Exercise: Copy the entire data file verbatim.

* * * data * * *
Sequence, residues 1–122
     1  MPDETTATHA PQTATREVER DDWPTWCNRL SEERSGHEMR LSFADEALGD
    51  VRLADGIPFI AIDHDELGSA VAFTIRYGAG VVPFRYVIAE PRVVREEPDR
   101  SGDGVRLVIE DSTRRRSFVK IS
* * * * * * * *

Sequence, residues 1–122
     1  MPDETTATHA PQTATREVER DDWPTWCNRL SEERSGHEMR LSFADEALGD
    51  VRLADGIPFI AIDHDELGSA VAFTIRYGAG VVPFRYVIAE PRVVREEPDR
   101  SGDGVRLVIE DSTRRRSFVK IS